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On-line Book Review


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Measuring 30 x 23 cm
TITLE Johann Sebastian Bach: 6 Suites a Violoncello Solo senza Basso. Edited by Bettina Schwemer and Douglas Woodfull-Harris.
PUBL. DETAILS Kassel: Bärenreiter-Verlag (2000) BA 5215 (German Edition); BA 5216 (English Edition); paper back. Price: DM 78.
ISMN M-006-50571-5 (German Edition); M-006-50572-2 (English Edition)
TO ORDER Bärenreiter-Verlag, Heinrich-Schütz-Allee 35, D-34131 Kassel, Germany.
DESCRIPTION scholarly critical performing edition, accompanied by separate volumes of critical commentary and facsimiles of five main sources all at an affordable price.
READERSHIP performers (esp. cellist)
all the essential information required for constructing an 'authentic' performance is provided here conveniently.

The source situation of Bach’s six suites for unaccompanied cello (BWV 1007-1012) is not very clear: this is primarily due to the fact that Bach’s autograph is lost, and four manuscript copies that survive today do not seem to give reliable text in all aspects. The text-critical study on these sources indicates that there were two autograph manuscripts now considered lost, viz. an early draft and a fair copy. The former is thought to be attested to a copy in the hand of Johann Peter Kellner (copied in c1726), and the latter to a copy by Anna Magdalena Bach (c1727-31). The other two surviving manuscripts date from the late 18th century; they are considered to have derived from a yet another lost intermediate source, which can be considered to have derived from Bach’s fair copy independently of Anna Magdalena’s. Because none of them reliably transmits the text of Bach’s original, all the surviving sources are considered important for establishing the authoritative text.

In 1990, the Neue Bach Ausgabe (edited by Hans Eppstein) actually published two versions of the work: Fassung A (based on the text by A.M.Bach and J. P. Kellner) and Fassung B (based on the remaining sources). It is widely felt that this edition was not very satisfactory with respect to their editorial principles usually applied to the NBA edition, as the text for each Fassung (version) was arrived at by effectively mixing up the different traditions of sources.
The edition reviewed here gives a single text based on Anna Magdalena’s copy with all the major variants found in the other sources which are marked on the music as ossia text on the same page (see the image on the right), so that one can see at a glance what variants there are in the sources. Minor variants and errors are discussed separately at the back of the volume under ‘Critical Report’.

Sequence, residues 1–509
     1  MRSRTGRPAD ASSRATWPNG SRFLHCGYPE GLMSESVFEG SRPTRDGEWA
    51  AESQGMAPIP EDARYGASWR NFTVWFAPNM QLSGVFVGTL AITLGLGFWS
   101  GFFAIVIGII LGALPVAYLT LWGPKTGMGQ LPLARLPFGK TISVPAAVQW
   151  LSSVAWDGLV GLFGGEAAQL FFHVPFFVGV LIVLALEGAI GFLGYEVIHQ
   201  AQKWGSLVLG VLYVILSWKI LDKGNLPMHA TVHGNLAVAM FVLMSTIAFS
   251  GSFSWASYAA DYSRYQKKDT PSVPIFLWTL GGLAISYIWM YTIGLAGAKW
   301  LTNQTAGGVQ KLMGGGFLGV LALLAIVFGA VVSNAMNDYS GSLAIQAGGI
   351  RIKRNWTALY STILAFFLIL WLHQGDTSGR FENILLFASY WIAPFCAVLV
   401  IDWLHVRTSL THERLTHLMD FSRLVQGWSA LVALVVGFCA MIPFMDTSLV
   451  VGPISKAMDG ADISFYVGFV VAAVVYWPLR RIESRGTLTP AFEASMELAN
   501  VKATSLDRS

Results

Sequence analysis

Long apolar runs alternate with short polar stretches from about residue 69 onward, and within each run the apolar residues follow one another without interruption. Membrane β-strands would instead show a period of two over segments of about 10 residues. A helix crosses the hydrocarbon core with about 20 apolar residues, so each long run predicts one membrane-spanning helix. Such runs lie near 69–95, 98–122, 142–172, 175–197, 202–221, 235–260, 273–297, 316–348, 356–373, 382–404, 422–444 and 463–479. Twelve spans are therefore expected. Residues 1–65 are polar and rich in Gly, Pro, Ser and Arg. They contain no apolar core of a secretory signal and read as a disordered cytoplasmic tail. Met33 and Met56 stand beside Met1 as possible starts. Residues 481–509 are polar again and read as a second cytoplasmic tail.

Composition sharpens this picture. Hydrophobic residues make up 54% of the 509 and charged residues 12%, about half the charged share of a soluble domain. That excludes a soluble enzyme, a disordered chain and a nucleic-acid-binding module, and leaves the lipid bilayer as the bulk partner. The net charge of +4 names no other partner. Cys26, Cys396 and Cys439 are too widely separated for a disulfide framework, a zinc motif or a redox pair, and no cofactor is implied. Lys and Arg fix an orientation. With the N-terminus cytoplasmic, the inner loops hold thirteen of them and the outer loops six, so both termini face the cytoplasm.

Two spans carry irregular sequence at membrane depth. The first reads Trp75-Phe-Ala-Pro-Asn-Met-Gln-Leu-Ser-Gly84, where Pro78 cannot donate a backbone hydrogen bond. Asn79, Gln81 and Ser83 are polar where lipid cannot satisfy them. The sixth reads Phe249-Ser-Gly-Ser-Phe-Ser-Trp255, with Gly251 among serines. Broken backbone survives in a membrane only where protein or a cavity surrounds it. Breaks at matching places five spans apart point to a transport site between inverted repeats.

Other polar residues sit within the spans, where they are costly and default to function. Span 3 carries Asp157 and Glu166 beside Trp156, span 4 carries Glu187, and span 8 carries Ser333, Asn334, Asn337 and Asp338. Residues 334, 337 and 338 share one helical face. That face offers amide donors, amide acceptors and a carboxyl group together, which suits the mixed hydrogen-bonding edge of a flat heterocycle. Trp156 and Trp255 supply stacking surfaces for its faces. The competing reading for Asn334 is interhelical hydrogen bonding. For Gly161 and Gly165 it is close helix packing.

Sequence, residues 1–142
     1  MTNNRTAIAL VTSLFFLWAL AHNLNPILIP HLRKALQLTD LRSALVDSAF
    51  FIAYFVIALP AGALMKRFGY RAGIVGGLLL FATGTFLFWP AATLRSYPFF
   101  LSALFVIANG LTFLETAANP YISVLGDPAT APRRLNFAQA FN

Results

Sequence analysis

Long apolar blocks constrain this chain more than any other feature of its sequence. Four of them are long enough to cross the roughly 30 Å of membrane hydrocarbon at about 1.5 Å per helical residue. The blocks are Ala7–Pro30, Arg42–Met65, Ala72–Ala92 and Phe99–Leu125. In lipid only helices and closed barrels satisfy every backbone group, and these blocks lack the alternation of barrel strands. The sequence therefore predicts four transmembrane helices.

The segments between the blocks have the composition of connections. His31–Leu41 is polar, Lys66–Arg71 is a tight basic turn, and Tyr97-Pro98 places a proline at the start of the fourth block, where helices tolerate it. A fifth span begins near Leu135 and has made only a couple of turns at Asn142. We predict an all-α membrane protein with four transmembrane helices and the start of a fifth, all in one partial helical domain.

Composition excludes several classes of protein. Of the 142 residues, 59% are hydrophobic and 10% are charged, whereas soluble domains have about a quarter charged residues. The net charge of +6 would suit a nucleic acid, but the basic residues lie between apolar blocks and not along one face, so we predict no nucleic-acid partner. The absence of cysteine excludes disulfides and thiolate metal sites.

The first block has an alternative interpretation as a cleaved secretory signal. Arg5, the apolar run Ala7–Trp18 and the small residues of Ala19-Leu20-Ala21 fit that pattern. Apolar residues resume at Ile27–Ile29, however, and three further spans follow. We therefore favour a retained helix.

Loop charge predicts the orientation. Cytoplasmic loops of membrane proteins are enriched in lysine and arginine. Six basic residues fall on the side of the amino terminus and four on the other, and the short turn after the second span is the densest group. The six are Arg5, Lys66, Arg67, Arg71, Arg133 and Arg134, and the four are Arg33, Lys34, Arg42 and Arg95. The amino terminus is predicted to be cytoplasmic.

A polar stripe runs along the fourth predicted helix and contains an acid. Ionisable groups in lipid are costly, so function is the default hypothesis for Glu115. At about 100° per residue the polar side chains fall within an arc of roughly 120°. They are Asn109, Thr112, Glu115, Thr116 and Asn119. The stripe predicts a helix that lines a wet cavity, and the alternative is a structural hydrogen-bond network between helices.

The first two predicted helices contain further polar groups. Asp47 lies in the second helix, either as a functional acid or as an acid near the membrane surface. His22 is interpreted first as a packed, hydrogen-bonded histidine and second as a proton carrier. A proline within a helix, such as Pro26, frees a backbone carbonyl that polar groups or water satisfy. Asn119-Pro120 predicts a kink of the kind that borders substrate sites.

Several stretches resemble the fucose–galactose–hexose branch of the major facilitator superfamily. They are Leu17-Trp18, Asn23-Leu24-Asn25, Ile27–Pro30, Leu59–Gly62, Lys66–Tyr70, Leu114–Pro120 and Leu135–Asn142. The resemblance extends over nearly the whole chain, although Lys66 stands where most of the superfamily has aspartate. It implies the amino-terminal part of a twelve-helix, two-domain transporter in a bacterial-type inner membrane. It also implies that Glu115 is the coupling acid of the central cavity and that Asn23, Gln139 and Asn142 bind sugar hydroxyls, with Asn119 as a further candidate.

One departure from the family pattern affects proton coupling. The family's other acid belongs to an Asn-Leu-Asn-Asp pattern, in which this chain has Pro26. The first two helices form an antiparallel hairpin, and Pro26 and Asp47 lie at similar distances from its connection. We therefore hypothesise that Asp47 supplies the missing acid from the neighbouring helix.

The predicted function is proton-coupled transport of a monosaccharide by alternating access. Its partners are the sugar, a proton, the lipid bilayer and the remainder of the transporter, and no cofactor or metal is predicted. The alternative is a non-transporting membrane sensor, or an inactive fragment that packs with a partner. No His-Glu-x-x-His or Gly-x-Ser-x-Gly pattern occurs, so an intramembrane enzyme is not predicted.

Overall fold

Furthermore, it does away with the articulation marks that were inaccurately and incompletely given in the manuscript sources. This is compensated by providing the facsimile edition of all the four manuscripts mentioned above plus the first printed edition of the work by Janet et Cotelle in Paris in c.1824 shown below. 

Suite I, Prelude (BWV 1007/1), bar 22
This new edition (2000)

The NBA edition (1990)
Each of the five sources is presented separately in a large performance format (23 x 30 cm). They are:
A: Anna Magdalena Bach, manuscript copy (1727-1731)
B: Johann Peter Kellner, manuscript copy (1726)
C: anonymous copy (second half of the 18th century)
D: anonymous copy (late 18th century)
E: First Edition, Paris (1824?)

Although these facsimile editions enclosed here are reproduced much larger than those published in the NBA Kritischer Bericht (1991), the clarity of musical text suffers from the high contrast of reproduction, especially around the erasures and smudges, which is most unfortunate. If you need to check such fine details, you really need to consult other facsimile editions that distinguishes the gradation of greys. It should be noted that the NBA Kritischer Bericht volume does not include the facsimile for Source E, which is apparently a very important source for this work.

Also accompanied is the text volume (41 pages) explaining almost all aspects of the work’s genesis and transmission as well as some important issues of historical performance; it covers the sources, genesis of the work, performance practice covering form and structure, instrument, historical performance techniques, bowing, articulation, embellishments, vibrato, dynamics, the execution of chords and scordatura, all with a useful list of bibliography for further reading. Clearly this edition is intended for serious performers who are seeking not only the critical knowledge of the work but also a historically informed interpretation. It is a very innovative publication, setting a new standard for performance studies for the next century.

Published on-line on 5 October 2000

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